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Managed services providers eye cloud computing promise

Ingram Micro helps its MSP partners identify the cloud computing opportunities

Dallas — With growing enterprise interest in cloud computing and the technology’s promise of massive savings and ease of application control, managed services providers (MSPs) are very eager to get their heads in the cloud.

At the third Seismic Partner Conference in Dallas, Texas, where some 250 vendor partners of technology distributor Ingram Micro took participated in a series of panel discussions and seminars aimed at growing their two-and-a-half-year-old MSP market, more than a few expressed excitement over cloud computing.

“I want to know more about cloud computing. I want to know how we can make money from it,” says Mike Maki, principal of Clear North Technologies, an MSP based in Eden Prairie, Min. “One of the challenges we’re seeing right now is there are now a lot of companies out their that may be offering a back-up solution online in the cloud versus what I am offering which more tailored.”

Maki worries that because of the economic downturn, many potential customers would be attracted to the cheaper cloud computing offerings.

The term cloud computing is a metaphor for the Internet. Cloud computing is a style of computing that often provides application resources as services over the Internet. Incorporating technologies and practices such as software-as-a-service (SaaS), cloud computing services typically provide common business applications online through the use of Web browsers while the software and data are stored on servers.

“We’ve all done some form of cloud computing in the past. It’s just a matter of recognizing those services. It’s not really new, it’s just that everybody is focusing on it now,” says Rob Rae, sales manager for Ottawa-based MSP Level Platforms.

For instance, he said, his company offers client tools that help them monitor cloud services. “Cloud computing fits well with where the MSP industry is heading,” Rae said.

Cloud computing and the managed services market were made for each other and many MSP should not find it to hard to find profitable cloud computing offerings, according to John D. Cowan, managing director of 6fusion, a Cayman Islands-based company providing on-demand computing technology and advice to service providers.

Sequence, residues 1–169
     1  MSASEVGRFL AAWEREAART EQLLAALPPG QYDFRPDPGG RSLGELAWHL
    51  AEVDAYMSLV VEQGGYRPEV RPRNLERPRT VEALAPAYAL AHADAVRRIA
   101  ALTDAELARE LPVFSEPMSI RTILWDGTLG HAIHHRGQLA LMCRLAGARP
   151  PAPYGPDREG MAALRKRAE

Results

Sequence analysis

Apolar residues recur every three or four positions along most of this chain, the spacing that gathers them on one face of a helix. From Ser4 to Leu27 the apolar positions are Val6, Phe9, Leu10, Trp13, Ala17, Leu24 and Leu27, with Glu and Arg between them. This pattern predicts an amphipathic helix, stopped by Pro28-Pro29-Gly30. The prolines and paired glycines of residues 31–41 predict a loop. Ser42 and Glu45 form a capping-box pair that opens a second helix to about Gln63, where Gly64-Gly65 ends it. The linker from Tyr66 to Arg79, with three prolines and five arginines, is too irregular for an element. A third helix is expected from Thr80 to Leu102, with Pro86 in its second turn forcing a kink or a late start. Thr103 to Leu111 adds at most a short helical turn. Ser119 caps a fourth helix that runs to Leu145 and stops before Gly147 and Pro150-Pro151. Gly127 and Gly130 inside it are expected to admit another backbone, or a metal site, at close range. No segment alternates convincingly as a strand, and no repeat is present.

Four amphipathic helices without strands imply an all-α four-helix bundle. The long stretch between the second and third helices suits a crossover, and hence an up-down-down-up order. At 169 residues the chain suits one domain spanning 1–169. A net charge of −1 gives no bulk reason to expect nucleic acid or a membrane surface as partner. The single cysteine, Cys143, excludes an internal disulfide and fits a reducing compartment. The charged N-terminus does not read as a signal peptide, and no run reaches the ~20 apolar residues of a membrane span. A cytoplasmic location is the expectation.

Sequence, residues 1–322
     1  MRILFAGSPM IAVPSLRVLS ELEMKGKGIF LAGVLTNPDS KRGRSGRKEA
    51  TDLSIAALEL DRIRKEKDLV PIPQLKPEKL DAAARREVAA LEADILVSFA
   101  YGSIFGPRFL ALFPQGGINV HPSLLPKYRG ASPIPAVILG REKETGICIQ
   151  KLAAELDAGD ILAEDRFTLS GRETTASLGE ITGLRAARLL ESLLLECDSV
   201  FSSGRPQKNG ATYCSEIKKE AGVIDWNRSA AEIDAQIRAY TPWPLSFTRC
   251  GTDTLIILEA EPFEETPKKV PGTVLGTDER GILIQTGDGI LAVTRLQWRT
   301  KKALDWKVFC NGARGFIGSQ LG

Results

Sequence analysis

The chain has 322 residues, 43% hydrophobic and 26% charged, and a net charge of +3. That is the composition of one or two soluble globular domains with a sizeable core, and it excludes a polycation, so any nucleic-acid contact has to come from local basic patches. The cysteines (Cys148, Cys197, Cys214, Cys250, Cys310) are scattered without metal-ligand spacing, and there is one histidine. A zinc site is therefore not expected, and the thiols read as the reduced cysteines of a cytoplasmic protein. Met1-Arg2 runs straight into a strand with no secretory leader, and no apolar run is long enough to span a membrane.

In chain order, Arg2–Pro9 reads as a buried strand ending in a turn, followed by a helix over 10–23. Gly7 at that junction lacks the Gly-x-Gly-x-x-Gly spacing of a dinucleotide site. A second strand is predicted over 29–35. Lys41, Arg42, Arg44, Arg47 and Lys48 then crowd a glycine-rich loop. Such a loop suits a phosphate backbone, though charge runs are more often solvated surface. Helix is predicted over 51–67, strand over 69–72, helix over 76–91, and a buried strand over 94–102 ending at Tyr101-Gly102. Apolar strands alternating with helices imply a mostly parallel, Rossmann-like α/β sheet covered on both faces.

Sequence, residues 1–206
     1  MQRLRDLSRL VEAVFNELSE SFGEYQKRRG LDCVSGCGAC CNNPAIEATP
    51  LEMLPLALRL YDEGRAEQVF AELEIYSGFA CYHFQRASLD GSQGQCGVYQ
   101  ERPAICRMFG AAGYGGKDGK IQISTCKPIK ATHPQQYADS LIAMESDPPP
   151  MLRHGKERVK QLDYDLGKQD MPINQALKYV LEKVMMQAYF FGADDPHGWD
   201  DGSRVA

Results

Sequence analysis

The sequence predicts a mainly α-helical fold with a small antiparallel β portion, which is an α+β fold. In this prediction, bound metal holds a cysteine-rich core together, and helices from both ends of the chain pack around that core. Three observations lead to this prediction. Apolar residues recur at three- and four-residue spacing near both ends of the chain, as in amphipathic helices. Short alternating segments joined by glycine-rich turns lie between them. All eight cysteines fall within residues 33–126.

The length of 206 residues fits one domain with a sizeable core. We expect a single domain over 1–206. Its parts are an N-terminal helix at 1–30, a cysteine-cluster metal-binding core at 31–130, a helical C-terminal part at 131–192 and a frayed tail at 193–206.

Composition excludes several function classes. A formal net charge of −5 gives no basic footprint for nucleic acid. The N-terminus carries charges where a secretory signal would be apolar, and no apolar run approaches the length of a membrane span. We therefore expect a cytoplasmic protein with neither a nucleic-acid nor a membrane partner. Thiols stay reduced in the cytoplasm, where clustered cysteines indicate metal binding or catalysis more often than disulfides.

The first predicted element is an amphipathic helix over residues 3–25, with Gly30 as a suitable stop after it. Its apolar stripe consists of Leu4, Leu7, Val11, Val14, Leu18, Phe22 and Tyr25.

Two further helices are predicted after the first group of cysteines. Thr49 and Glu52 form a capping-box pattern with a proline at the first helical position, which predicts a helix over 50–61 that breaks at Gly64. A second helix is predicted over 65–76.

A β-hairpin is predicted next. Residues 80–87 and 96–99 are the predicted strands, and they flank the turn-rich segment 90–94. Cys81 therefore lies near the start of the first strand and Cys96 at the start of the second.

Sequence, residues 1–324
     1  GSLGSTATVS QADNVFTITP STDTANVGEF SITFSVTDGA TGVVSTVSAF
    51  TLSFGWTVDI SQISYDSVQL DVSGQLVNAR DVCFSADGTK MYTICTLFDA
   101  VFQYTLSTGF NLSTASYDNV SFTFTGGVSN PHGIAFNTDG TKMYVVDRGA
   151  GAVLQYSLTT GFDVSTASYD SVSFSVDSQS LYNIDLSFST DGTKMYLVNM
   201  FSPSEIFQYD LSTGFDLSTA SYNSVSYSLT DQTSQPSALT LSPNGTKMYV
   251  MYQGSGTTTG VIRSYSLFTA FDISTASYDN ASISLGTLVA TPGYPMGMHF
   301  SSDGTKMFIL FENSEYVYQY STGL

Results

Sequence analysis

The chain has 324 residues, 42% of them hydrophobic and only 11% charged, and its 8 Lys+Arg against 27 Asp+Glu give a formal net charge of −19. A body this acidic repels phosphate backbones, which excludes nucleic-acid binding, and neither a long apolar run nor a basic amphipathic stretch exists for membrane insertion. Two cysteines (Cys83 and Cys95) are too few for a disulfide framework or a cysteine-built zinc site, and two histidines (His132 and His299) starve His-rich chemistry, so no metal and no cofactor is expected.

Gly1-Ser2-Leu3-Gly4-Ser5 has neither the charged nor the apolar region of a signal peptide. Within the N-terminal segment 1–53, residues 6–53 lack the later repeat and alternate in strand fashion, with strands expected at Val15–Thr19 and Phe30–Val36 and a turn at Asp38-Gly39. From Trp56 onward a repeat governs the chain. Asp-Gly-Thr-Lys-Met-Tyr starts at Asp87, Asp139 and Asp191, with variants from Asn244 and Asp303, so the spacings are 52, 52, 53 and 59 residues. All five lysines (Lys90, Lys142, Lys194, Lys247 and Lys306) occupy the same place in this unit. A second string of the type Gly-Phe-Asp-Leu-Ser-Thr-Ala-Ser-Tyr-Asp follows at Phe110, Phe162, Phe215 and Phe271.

“Cloud computing is ideally vertical independent and therefore can be applied almost anywhere,” he said.

For instance, small and medium sided businesses (SMBs) – the bread and butter clients of many MSPs – typically want to leverage cloud computing technology but are also constrained by small budgets from seeking large vendors.

“It’s simply not true that the technology will lead to businesses setting up their own cloud computing services. Many SMB customers actually need trusted advisors in cloud computing because they themselves often do not have the time or resources do it alone,” said Cowan.

This is where MSP’s can take advantage of the situation, he said. “Just as they already manage some of the client’s equipment, MSPs can also offer to set up and manage cloud computing services.”

Savings for businesses moving applications delivery to a SaaS model can be very attractive according to Cowan. “Custom desktop applications accessed through traditional methods can cost anywhere from $60 to $80 a month per user. Using a hosted application model, many businesses can cut that cost to only $10 to $15 a month per user.”

But rather than “taking the risks” of creating their own cloud computing platform, Cowan argues that many SMBs would rather use services already developed for them.

Here’s a list of things that CIO’s look for in cloud computing vendors:

* Competitive pricing
* Clear and simple service level agreements
* Industry and business understanding
* Complete solution offerings
* Data and application control

“What customers don’t necessarily need are expensive and large cloud computing vendors,” Cowan said.

To offer this type of service, MSP that do not have the cloud computing expertise should identify a cloud computing partner who can provide the back-end technology, he said.

However, Cowan cautioned that MSPs should be careful and choosing their cloud computing partner. “Remember, as an MSP you should be marketing your own brand. A partner that is more interested in having their brand front right and centre of a customer deployment will be of little help.”

While not recession-proof, cloud computing and SaaS are growing trends, according to Joe Panettieri, executive vice-president ad editorial director of Nine Lives Media, a Centerport, New York-based marketing company and MSP advisory firm.

As the MSP market continues to grow we’re seeing more and more managed services providers plugging more services into their offerings, he said. “The biggest thing right now is the blending of SaaS and managed services.”

There are so many cloud services out there and end customers are trying to figure out which cloud services they need. Ultimately some customers may need a combination of different cloud services, according to Panettierri.

“The biggest challenge for the MSP is tying together billing systems for multiple clouds. But ultimately they’ll need one dashboard to see all those tools at once,” he said.